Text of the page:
Festival Coverage

Art of Cool Fest Lives Up to its Name

Durham, NC –
Urban music festivals have a tendency to descend upon their host cities and act
like a really bad flu bug. Every ounce of unused space is grabbed up by
corporate sponsors, and the flashy events, while cool for the foreign agents
that come in for the show, are a bane on the existence of the locals. Ask the
people of Austin, Texas what they think when SXSW starts. However, Durham,
North Carolina seems to have found the vaccination to the urban music festival
bug with Art of Cool Fest.

The event was hosted by the Art of
Cool Project, a local non-profit that aims to “present, promote, and preserve
jazz-influenced music,” and was held this past weekend from May 6-8. Some would scoff at a jazz-centric music festival as an
event reserved for people of a certain age, or just plain boring. AOC was quite
the opposite, with an assorted lineup ranging from big brass jazz to hip hop.

Not only was the artist lineup
artistically diverse, it was appealing to people of all ages, and had
formidable star power. Traditionalists could go see the Jim Ferris Trio, Hip-Hop Heads could go see Pete Rock at The
Art of Turntables
showcase, the younger crowd was treated to the likes of Anderson
and The Internet, and everyone was graced with an
electric performance by Kendrick Lamar’s Grammy winning “secret weapon,” Thundercat.

AOC did a perfect job at
creating a lineup that brought people of different tastes together. It wasn’t
scary to try something new, which is a big problem at other urban festivals.
Sometimes as a badge or wristband holder, you’re faced with checking out an
obscure artist or missing out on one of your favorites. It’s profoundly
irresponsible to force these kinds of decisions on music nerds, but AOC made everything accessible. Lines weren’t that long at venues, and the impact
on Durham as a city was relatively non-invasive.

Another refreshing change of pace
about AOC was the absence of big industry presence. No “Universal Music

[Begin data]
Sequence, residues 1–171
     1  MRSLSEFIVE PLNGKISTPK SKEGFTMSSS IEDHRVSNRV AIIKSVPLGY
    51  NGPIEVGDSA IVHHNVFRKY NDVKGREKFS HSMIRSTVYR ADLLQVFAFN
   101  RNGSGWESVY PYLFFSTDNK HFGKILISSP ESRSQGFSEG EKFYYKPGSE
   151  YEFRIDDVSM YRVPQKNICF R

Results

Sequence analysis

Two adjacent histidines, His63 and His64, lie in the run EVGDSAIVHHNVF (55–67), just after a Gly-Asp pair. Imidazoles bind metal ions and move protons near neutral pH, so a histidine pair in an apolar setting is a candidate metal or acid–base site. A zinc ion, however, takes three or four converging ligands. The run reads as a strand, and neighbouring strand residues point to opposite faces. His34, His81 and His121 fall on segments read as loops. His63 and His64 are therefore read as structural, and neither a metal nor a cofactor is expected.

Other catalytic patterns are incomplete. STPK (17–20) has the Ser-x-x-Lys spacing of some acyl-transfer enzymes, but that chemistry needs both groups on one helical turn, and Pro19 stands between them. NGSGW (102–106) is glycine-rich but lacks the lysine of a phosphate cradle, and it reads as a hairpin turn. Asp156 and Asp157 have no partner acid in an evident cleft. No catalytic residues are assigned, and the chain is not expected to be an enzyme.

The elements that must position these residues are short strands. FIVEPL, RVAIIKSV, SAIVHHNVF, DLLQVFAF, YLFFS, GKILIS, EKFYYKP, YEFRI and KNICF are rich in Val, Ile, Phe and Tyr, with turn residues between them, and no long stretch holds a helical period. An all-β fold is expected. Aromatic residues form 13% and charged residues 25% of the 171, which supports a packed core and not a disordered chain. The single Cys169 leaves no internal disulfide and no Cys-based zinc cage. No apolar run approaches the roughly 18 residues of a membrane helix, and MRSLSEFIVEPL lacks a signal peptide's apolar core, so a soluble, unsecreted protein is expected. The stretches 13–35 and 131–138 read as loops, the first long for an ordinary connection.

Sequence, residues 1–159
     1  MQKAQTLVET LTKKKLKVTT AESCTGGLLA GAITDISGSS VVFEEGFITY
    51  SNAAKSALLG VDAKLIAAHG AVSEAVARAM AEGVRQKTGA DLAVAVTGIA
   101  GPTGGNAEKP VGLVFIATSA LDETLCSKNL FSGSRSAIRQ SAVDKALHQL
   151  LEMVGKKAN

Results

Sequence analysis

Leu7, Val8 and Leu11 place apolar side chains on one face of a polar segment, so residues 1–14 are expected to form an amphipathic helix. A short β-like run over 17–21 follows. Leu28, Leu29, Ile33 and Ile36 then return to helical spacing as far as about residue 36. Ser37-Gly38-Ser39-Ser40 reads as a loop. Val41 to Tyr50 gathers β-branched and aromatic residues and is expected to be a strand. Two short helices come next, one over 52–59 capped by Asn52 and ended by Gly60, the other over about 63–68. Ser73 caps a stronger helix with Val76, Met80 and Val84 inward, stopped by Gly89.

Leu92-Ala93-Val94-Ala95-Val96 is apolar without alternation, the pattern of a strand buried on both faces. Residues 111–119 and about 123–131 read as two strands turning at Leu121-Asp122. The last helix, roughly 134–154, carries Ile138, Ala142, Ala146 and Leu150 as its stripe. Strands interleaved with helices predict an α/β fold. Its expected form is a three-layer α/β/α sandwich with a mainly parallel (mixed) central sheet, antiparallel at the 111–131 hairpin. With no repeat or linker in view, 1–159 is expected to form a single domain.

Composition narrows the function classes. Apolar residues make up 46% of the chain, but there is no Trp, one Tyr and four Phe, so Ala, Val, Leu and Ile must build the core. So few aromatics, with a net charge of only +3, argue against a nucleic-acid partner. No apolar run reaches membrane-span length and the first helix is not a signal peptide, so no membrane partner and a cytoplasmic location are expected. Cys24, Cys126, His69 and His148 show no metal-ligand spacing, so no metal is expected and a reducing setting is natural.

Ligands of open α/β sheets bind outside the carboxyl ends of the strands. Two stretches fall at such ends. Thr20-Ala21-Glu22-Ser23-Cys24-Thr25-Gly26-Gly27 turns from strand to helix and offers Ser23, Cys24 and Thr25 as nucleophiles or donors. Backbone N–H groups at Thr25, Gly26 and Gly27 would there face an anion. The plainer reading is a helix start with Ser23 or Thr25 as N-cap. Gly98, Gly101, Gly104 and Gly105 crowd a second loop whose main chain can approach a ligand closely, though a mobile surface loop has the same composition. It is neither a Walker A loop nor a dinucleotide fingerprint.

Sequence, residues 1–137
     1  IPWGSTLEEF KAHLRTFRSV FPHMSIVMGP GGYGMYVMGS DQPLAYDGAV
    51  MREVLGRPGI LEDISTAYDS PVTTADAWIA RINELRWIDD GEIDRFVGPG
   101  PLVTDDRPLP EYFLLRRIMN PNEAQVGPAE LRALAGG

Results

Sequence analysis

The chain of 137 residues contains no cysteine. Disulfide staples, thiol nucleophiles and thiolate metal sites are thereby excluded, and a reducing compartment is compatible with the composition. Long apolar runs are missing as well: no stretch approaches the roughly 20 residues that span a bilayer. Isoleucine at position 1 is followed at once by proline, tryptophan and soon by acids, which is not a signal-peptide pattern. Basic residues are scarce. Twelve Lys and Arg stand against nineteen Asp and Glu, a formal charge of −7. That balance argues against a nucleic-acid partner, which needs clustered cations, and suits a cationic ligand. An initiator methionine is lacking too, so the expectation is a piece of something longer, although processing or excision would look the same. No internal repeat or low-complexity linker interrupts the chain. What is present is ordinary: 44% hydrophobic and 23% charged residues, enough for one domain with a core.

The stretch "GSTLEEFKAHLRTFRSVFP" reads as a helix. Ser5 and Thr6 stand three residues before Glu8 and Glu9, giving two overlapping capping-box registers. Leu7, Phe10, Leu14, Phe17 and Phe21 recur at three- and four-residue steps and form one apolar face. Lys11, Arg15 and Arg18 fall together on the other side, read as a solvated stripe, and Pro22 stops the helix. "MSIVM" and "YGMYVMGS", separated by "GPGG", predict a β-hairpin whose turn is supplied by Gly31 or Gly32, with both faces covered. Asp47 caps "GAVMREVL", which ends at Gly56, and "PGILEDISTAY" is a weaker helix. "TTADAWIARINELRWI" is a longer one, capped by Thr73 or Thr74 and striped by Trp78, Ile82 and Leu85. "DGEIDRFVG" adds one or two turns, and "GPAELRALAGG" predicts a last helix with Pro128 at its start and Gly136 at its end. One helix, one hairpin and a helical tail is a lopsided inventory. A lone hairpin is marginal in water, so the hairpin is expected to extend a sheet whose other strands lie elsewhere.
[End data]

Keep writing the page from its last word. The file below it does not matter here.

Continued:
Presents…” or a “McDonald’s House of Jazz and Rap” type venue could be found in
Durham. When festivals do stuff like that it can be fun, but it takes away from
the event’s personality. AOC was all about chillin’ and enjoying really good
music, so multimillion dollar stages reserved for only the most famous of
artists would certainly have been out of place.

The day
parties were a major factor in keeping AOC’s vibe going throughout the weekend,
and put a deserved spotlight on local hip hop artists. One of the Friday day
parties was hosted by 97.5’s (and WKNC’s!) Mir.I.Am, and showcased local heat makers Will
Wildfire, Lil Bob Doe, and Defacto Thezpian. The most exciting day party of all
was JRowdy & The Night Shift’s Cypher University showcase on Saturday
afternoon. This party wasn’t just cool because JRowdy is an amazing lyricist,
but because the essence of the Cypher University movement is based on organic
collaboration and involvement. Anyone in attendance was welcome to join in on
the music and they did.  There were contributions
from some of the most talented local MCs like Tuscon and Konvo the Mutant,
singing from Will Wildfire, and even an unplanned contribution from Masego
wailing on his sax. To say it was epic, would be a gross understatement.

Art of Cool Fest was just cool in
general, and if you were in attendance you were pretty damn cool yourself. It
says a lot about the vibe of a festival when you can nonchalantly rub shoulders
with a Grammy Award winning producer like 9th Wonder, and just
exchange a casual, “wussup fam?” After this year’s immense success, it will be
interesting to see what comes of AOC Fest in the years to come. Will it remain
an unflappable collection of artists, enthusiasts, and media professionals? Or
will it succumb to big corporate temptations? Hopefully it will remain the

– DJ Iron Mic